October 2006

Don Byron: Soul Jerkin'

Junior Walker tends to be dismissed as a mere footnote by popular musical historians as the man behind a couple of mid-’60s hits that still play on oldies stations. At a time when urbane black pop ruled the charts, Walker was Motown’s de facto chitlin’ soul artist, but with a catch—combining top-shelf tenor playing with a roughhewn vocal style to match, Walker was the rare artist responsible for his own call-and-response dialogues. And if it was uptempo and raucous you wanted, you looked no further than Autry “Junior Walker” and his All Stars, whether you were Sly Stone, Maceo Parker or Pharoah Sanders.

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Till Krautkaraemer

Don Byron

Do the Boomerang: The Music of Junior Walker is Don Byron’s sixth Blue Note album and first extended studio outing on tenor saxophone. That Byron would choose to cover 11 Walker numbers—in addition to James Brown’s “There It Is”—provides yet another testimonial to the enduring influence of our earliest musical impressions—Saturdays at the Apollo in Harlem proving especially indelible for Byron.

“Where we lived in the Bronx was maybe five or six stops from there,” Byron says. “Back then, when you went to the Apollo, you stayed the whole day. You’d see one band play two or three sets; you’d see movies in between. My mom liked all the Motown stuff. She took me to see Leonard Bernstein, too. But at the Apollo you could see James Brown and Junior Walker on the same bill.”

Do the Boomerang has that same sense of wonder. A catchall label like “soul” could barely hold Walker, and jumping from “Satan’s Blues” to “What Does It Take (to Win Your Love)” to “Pucker Up, Buttercup”—a grinding R&B instrumental, a plangent love ballad and a bubblegum confection, respectively—one gets a sense of how skillfully Walker could subvert one genre with another. This is American pop music at its best, as melting-pot art. All of which, Byron insists, is founded on a music entirely less secular.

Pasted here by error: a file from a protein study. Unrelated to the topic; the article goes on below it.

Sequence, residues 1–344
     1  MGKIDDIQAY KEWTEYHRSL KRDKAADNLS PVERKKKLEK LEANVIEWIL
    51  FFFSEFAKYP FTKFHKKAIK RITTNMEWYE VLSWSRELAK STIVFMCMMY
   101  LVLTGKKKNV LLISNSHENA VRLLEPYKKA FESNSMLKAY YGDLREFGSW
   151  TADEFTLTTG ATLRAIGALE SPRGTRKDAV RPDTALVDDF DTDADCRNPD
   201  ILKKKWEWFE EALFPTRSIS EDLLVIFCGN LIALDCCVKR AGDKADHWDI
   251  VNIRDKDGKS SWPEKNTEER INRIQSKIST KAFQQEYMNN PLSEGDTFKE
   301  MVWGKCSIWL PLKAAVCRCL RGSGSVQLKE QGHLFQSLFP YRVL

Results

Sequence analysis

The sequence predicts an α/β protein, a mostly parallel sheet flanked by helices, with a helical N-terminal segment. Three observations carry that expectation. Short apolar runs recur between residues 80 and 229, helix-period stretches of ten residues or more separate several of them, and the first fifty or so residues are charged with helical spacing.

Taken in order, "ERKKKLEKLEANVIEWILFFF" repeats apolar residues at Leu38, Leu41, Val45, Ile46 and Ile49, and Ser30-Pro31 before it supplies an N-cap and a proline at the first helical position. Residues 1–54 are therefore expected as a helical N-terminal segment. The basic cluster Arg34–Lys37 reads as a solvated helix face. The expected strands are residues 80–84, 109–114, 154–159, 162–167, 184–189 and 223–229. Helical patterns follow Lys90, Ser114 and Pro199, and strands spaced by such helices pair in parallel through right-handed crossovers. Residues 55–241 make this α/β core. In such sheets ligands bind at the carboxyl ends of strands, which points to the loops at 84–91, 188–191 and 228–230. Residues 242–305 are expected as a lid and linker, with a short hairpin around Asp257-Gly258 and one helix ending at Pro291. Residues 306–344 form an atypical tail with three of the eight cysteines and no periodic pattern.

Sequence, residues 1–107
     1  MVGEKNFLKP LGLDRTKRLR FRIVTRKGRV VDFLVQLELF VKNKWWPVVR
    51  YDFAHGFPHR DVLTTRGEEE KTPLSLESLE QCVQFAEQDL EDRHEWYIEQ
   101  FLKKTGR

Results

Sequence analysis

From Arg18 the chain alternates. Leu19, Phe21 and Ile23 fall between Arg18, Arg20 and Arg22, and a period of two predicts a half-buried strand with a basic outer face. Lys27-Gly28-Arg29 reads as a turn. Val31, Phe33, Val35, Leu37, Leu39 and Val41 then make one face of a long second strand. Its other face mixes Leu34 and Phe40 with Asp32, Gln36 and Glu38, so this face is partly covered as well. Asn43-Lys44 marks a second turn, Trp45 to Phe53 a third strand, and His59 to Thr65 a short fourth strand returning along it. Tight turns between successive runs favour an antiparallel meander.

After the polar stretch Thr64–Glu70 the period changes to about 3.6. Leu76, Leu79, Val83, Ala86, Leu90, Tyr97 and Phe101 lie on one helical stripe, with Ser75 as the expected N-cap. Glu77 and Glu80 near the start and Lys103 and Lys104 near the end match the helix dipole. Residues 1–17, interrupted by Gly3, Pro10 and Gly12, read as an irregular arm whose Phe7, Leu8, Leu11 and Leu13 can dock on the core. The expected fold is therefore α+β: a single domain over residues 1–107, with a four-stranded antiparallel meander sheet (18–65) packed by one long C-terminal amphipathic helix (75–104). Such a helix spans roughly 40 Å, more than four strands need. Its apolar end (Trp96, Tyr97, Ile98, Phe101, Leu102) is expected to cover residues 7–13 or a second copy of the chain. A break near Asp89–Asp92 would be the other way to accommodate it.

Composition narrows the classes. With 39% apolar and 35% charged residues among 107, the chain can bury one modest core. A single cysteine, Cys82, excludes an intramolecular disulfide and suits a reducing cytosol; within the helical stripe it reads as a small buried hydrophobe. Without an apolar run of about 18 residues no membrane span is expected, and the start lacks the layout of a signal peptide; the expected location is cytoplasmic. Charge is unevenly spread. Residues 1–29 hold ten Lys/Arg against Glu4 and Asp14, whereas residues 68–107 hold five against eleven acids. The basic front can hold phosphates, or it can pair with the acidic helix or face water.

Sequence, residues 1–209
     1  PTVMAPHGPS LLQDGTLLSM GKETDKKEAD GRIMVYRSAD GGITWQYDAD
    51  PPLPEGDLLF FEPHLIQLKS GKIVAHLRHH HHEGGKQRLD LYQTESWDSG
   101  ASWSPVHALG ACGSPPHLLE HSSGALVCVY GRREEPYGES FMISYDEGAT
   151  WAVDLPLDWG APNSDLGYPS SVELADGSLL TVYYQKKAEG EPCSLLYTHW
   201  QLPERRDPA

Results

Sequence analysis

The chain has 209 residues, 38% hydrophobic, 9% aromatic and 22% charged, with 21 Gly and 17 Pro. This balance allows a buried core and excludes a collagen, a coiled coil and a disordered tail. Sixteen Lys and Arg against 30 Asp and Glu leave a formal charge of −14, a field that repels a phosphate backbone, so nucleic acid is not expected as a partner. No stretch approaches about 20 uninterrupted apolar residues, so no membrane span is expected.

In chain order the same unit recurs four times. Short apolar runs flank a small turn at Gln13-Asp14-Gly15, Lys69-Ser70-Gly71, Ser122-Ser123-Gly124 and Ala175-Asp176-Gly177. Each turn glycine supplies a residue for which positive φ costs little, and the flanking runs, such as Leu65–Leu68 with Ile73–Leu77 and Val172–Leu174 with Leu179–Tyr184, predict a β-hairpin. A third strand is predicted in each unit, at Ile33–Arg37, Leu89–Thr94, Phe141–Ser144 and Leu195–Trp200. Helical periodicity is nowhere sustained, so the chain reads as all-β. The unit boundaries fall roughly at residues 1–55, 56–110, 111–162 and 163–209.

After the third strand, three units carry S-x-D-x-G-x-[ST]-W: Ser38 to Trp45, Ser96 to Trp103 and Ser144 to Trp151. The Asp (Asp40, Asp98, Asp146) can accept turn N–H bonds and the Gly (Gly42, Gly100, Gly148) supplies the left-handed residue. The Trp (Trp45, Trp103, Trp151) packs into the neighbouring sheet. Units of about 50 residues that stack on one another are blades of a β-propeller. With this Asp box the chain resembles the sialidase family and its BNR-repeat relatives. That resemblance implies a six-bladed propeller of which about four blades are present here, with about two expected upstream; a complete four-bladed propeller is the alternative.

“Soul music back then was about people who had gospel backgrounds, harnessing the things that they learned in the church so that they could use it outside the church to make people dance,” Byron says. “Walker’s sound is about gospel technique; it’s about the way gospel singers sing. That’s one of the main things I’ve been looking at for the last 10 years: how being a worshipper and a preacher comes together in the music.” And there you have the essence of Walker’s particular soul music, a mixture of nearly over-the-top fervor with musical exactitude: one strain evinced by Walker’s sheer freneticism—with horn or voice—the other in the syncopated precision of a track like “(I’m a) Roadrunner,” Walker’s appropriation of Big Bill Broonzy’s wise directive to “hit the right lick.”

Byron and his crew, for the most part, do just that. George Colligan cuts some massive, swirling shapes on his Hammond organ, and the rest of the band simply rides the groove, drummer Rodney Holmes picking up any slack. Strangely, Walker’s music sounds even more informal here than in its more familiar incarnations on those hit 45s. Byron’s solo on “Satan’s Blues” is a great mélange: Eddie Harris licks, a trace of Arnett Cobb, more than a little Junior Walker and a nod to the wide tone of Hank Mobley a blend of hard bop, Memphis soul, New Orleans funk, outright pop and Chicago electric blues. Or, if you prefer, everything that Junior Walker sprang from and everything that Junior Walker was about.

“If you want to pay tribute to something, maybe you start with a phrase that the person originally played. On a tune like ‘Shotgun,’ I just couldn’t not start with the phrase that Junior Walker played. It’s a part of the history,” Byron says. “But for the most part I’m not really playing like him. I’m thinking about Stanley Turrentine, Harris, Cobb, people like that.” What results then is one musician delving into the aspects of the tradition of another—not a direct homage, per se, so much as a tribute to Walker’s own broad-minded sensibilities.

Byron has played with these musicians before—Curtis Fowlkes on trombone, Brad Jones on bass, David Gilmore on guitar and Dean Bowman on vocals, in addition to Colligan and Bowman—but it is the presence of one new musician that best exemplifies Walker’s debt to the blues, and with that Motown’s debt to the church. Chris Thomas King sings on four tracks, having made the gig just after the passing of his mother and after Hurricane Katrina ripped through his home in New Orleans.

“It was a very bluesy thing,” King says. “In those songs and those arrangements, I was surprised how contemporary they sound today. As a contemporary blues artist, that was a little surprising to me—I was thinking, ‘Damn, I’m not so contemporary after all.’”

Central to that ageless quality of Walker’s music is how readily it allows for inclusion for even a listener whose daily life is seemingly so far removed from these ebullient sounds.

“My mother had passed the day before, and we had this long-planned recording session,” King says. “My mother was on my mind. I somehow made the session. Did about three days, and then made it back for my mother’s funeral. The lyrics may be ‘Let’s boomerang…Let’s get this groove going, let’s party.’ Even though the lyrics are like that, the emotion I had built up inside me came out on the tape. There’s a lot of emotion in my delivery. That’s what Junior Walker was about back then.”

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